Political stability

The Knesset passed a Governance Law in 2014 that raised the threshold from an even more unworkable 2% to its current level with the hopes of streamlining the number of small parties.

By
April 2, 2019 21:37
3 minute read.
Paper slips from the 2015 election, at a voting booth in Jerusalem

Paper slips from the 2015 election, at a voting booth in Jerusalem. (photo credit: MARC ISRAEL SELLEM/THE JERUSALEM POST)

 
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Many immigrants from English-speaking countries grew up in countries with a strong tradition of a two-party political system. These include Democrats and Republicans in the US, Labour and Conservative in England, and the African National Congress and Democratic Alliance in South Africa, to name a few.

None of them create a perfect world, and in the case of Britain and Brexit, it can quickly descend into a dysfunctional form of government. However, voters are usually given a clear-cut choice to choose a party that will wind up being in power or leading the opposition.

A look at the latest polls leading up to Tuesday’s election shows 13 parties crossing the 3.25% electoral threshold to make it into the Knesset with the minimum four seats. The front-runners are Blue and White and Likud, both hovering around 30 seats. They are trailed by Labor with eight, seven each for Hadash-Ta’al and the New Right, six each for the Union of Right-Wing Parties, United Torah Judaism and Shas, five for Meretz ,and four each for Yisrael Beytenu, Zehut, Kulanu and the United Arab List-Balad. MK Orly Levy-Abecassis’s Gesher Party received 3% of the vote, just under the threshold.

The Knesset passed a Governance Law in 2014 that raised the threshold from an even more unworkable 2% to its current level with the hopes of streamlining the number of small parties entering the Knesset.

That coalition jumble was behind Prime Minister Benjamin Netanyahu’s efforts to convince small parties Jewish Home, National Union and Otzma Yehudit to merge under the URP flag to insure their crossing the threshold. Before that took place, there were rumblings that he was planning to ram through legislation to once again lower the threshold.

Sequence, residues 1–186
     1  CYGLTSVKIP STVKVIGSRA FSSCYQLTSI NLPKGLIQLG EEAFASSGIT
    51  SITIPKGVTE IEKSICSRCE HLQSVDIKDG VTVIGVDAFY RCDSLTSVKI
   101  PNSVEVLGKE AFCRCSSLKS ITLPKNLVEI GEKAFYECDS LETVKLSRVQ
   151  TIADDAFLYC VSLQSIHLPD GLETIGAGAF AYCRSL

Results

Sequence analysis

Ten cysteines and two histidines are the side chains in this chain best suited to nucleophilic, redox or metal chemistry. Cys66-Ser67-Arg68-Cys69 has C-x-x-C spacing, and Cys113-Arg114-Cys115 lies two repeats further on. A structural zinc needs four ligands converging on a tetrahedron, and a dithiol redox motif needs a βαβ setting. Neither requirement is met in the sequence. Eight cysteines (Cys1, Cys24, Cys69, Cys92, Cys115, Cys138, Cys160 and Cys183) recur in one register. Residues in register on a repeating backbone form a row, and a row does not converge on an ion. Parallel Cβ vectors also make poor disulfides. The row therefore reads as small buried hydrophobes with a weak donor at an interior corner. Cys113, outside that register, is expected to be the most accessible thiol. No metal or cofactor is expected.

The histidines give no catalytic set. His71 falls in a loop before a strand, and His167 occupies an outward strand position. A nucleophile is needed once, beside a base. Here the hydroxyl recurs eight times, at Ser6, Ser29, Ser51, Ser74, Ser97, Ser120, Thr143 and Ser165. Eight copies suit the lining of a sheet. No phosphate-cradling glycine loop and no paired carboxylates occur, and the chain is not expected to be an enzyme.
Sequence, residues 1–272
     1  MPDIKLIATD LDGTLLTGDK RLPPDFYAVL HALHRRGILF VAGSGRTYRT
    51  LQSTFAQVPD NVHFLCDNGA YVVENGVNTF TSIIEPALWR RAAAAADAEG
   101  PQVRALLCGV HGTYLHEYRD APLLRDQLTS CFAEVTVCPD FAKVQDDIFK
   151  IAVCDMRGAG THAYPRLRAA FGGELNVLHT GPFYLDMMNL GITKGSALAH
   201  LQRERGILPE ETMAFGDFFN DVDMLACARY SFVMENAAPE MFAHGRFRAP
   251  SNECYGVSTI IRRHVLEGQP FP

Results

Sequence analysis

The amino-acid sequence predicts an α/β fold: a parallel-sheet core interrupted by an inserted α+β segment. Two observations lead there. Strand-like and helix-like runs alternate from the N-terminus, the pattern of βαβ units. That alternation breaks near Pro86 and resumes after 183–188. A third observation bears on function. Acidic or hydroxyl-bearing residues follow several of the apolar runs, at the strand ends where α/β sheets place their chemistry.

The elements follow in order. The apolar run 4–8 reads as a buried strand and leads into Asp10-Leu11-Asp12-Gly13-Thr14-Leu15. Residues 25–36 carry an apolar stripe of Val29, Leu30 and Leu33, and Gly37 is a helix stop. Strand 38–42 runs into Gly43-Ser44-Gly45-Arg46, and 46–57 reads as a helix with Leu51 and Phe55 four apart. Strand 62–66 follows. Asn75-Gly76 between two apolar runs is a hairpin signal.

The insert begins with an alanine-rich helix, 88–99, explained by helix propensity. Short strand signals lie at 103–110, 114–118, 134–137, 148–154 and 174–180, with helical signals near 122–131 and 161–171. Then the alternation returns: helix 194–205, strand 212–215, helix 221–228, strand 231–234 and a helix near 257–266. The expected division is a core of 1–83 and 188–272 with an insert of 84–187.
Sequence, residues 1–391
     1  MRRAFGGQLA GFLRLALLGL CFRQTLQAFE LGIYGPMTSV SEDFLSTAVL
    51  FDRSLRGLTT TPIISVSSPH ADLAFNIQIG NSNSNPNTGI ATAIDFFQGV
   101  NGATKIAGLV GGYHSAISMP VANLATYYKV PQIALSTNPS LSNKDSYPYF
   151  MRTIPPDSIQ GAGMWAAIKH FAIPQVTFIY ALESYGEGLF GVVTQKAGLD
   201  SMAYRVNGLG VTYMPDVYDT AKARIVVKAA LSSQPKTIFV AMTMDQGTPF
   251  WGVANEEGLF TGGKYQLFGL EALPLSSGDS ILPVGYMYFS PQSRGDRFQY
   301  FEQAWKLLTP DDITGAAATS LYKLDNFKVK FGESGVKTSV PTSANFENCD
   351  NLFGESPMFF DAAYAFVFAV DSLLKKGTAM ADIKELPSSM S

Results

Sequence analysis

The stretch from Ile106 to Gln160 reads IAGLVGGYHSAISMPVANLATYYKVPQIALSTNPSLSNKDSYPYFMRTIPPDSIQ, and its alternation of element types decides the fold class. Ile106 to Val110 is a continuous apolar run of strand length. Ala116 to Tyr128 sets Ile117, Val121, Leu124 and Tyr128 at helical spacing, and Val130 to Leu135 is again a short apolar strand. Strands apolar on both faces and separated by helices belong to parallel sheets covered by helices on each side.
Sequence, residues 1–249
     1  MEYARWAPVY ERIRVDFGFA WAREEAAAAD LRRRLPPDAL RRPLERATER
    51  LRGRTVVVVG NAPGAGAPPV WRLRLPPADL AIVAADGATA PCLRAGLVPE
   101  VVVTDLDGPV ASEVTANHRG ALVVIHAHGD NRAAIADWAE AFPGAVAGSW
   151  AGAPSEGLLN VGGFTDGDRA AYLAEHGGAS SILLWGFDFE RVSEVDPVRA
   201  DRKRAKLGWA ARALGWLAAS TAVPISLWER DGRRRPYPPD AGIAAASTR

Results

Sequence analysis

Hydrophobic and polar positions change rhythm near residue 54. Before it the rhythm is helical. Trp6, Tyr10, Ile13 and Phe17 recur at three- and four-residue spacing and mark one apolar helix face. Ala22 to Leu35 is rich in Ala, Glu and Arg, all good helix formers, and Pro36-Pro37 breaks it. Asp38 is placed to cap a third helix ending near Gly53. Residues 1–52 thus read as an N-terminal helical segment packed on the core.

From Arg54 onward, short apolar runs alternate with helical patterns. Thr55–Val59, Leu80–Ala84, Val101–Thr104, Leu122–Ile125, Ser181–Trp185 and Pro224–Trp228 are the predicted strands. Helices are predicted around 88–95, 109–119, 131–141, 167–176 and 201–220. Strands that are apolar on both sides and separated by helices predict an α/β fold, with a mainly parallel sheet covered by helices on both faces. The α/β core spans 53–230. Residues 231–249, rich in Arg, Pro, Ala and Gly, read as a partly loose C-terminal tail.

As it stands now, if Netanyahu is tasked by President Reuven Rivlin with forming the next government, he will likely be able to cobble together a coalition of 65-66 by joining with those just-over-the-threshhold parties like Yisrael Beytenu, Zehut and Kulanu as well as those with a little larger mandate like New Right, URP, UTJ and Shas.


Netanyahu could even have the luxury of snubbing one of the small parties and forming a narrower coalition of 61-62. The implications, like in so many previous coalitions in the country’s history, are that a small party which received some 130,000 votes (in 2015, one Knesset seat was worth 33,511 votes; the number this year will depend on how many people vote) would have an enormous amount of power. Based on their demands being met or not, they could leave the government and collapse the coalition.

Already well aware of Netanyahu’s tenuous relationships with erstwhile allies Naftali Bennett and Avigdor Liberman, and factoring in the potentially erratic consideration of Zehut’s Moshe Feiglin and the always-demanding religious parties, the scenario of such a collapse taking place is a strong possibility. Then factor in the much ballyhooed Trump peace plan which is expected to be rolled out after the elections. A narrow right-wing coalition of the kind that Netanyahu would be cornered into forming would find it difficult to impossible to embrace a plan that results in a Palestinian state, no matter how emasculated it may be. This could result in a coalition crisis before there’s even a coalition.

The only way out of the reliance on small parties to form a government is to make them obsolete. Seats in some European parliaments, for example, are only apportioned to parties surpassing a 5% election threshold. If a similar threshold were instituted in Israel, it would significantly impact the parties running for Knesset.

Yisrael Beytenu, Zehut, Kulanu and the United Arab List-Balad would all be out of the Knesset or be forced to merge with like-minded parties. This in turn would enable the party that forms the coalition to recruit stronger, more robust partners that would encourage stability.

Israel desperately needs that stability as the next government, no matter who forms it, faces challenges and obstacles that only a strong and functioning coalition will be equipped to handle.

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